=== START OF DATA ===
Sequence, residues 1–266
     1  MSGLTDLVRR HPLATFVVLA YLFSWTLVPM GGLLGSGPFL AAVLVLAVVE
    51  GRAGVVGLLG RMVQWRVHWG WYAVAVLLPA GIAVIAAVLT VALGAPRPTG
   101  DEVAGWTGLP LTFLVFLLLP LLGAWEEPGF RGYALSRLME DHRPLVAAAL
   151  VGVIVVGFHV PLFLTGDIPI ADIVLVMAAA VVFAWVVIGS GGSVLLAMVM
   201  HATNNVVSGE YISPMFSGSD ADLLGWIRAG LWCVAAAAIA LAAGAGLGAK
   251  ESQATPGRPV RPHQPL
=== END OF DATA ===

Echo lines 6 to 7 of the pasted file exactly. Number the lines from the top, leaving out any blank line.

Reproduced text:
   201  HATNNVVSGE YISPMFSGSD ADLLGWIRAG LWCVAAAAIA LAAGAGLGAK
   251  ESQATPGRPV RPHQPL